Governor observes anti-terrorism efforts of state marine patrol
SAN FRANCISCO (AP) – Gov. Gray Davis, who ordered the state’s marine patrol to protect California’s lucrative ports from possible terrorist attacks, boarded a Coast Guard cutter Thursday to observe anti-terrorism efforts.
As the cutter whipped around the bay, with Davis at the helm at one point, Coast Guard personnel explained policing efforts. Among the measures, cargo ships now must give 96-hour notice of when they’ll arrive.
”Obviously, we’re concerned about a major vessel hitting a bridge, having explosives,” Davis said. ”That’s why the 96-hour rule is so important.”
A boat running into one of the bridges crisscrossing the Bay could destroy it, forcing commuters and market-bound trucks into time-consuming detours.
”The bridges were built to withstand an original cargo ship ramming them, but because cargo ships are so much bigger now, the Coast Guard needs to be here,” Davis said.
Clad in an orange Coast Guard jacket, Davis praised the cooperation of local governments with the Coast Guard and state agencies, and emphasized economic importance of keeping ports open.
”If you have prior authorization, we are open for business,” he said. ”If you don’t have prior authorization, we’re as secure as Fort Knox.”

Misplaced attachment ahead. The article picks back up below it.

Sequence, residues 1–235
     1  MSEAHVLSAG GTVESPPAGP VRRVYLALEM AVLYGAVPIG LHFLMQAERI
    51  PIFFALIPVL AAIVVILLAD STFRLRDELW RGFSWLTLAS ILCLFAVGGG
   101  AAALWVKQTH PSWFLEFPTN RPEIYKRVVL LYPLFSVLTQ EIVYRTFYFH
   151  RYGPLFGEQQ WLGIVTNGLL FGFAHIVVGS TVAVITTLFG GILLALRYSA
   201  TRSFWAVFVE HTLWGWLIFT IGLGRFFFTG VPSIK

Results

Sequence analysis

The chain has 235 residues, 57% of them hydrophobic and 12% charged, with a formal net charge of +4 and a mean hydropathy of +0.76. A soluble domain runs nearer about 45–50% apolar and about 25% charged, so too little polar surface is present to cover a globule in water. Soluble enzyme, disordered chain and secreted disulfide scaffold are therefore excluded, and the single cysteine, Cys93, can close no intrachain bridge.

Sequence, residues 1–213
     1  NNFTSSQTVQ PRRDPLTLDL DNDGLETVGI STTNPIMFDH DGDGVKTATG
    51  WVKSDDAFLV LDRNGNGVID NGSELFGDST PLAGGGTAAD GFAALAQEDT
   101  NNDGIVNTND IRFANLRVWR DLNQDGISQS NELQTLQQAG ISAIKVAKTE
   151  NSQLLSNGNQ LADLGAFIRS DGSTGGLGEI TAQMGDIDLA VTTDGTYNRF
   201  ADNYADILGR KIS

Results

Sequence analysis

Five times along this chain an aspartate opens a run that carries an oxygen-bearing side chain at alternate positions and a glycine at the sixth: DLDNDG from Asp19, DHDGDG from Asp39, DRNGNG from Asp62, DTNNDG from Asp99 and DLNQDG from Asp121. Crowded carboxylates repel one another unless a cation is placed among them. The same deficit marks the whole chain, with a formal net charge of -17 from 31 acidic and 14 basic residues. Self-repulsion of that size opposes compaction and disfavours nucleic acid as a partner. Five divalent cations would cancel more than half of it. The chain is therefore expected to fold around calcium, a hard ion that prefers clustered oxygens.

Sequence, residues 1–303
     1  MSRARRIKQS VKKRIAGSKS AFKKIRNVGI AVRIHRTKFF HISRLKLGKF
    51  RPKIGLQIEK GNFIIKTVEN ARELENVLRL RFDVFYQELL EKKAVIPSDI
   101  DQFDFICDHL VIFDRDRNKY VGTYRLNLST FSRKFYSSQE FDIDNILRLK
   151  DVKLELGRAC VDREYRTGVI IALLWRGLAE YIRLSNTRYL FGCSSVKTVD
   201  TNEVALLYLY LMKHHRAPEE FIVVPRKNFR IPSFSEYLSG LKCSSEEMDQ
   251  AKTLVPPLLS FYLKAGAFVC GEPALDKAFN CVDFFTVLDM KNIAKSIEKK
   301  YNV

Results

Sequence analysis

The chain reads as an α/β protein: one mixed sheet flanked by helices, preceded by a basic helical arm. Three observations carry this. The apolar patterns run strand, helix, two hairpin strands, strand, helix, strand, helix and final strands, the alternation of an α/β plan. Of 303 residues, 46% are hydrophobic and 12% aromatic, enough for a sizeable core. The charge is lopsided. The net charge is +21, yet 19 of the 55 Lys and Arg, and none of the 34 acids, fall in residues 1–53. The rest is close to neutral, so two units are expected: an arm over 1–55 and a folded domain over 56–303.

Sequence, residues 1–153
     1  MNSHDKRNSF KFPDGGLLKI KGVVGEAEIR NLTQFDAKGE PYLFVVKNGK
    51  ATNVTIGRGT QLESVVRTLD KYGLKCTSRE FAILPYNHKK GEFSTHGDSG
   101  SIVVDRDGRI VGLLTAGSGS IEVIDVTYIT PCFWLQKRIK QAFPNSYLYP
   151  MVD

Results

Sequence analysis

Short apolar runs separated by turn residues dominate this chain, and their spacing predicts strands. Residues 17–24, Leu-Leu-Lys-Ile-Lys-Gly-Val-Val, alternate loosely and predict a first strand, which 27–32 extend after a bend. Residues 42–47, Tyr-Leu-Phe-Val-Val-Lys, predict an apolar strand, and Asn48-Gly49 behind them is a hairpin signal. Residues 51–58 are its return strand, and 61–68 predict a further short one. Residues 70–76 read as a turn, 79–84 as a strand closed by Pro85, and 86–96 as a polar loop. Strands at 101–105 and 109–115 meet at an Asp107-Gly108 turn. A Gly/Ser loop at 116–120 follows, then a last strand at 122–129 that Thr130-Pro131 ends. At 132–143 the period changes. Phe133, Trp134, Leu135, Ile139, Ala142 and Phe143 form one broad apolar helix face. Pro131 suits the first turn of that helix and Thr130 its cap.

The Fish and Game department’s marine patrol, which covers 25,000 square miles of ocean, will continue its patrols of marine protected areas and commercial fishing boats. It also will help the Coast Guard look for suspicious behavior, will shuttle Coast Guard officers to suspicious boats and now will patrol at night.
Additionally, marine patrols are screening and boarding twice as many freighters and pleasure boats in the days since the attacks.
One of the Fish and Game’s boats will patrol the Southern California coast and one will patrol Northern California.
”We’re trying to keep these waterways open,” said Fish and Game spokeswoman Chamois Andersen.
Since the Sept. 11 terrorist attacks, the Coast Guard has stepped up its watch. It even created sea marshals – personnel who are equipped with small firearms and who put small and large vessels through their paces as the pass under the Golden Gate Bridge.
”I’m very impressed,” Davis said. ”I don’t think you could get through this maze of security apparatus. You’d have to be Houdini.”
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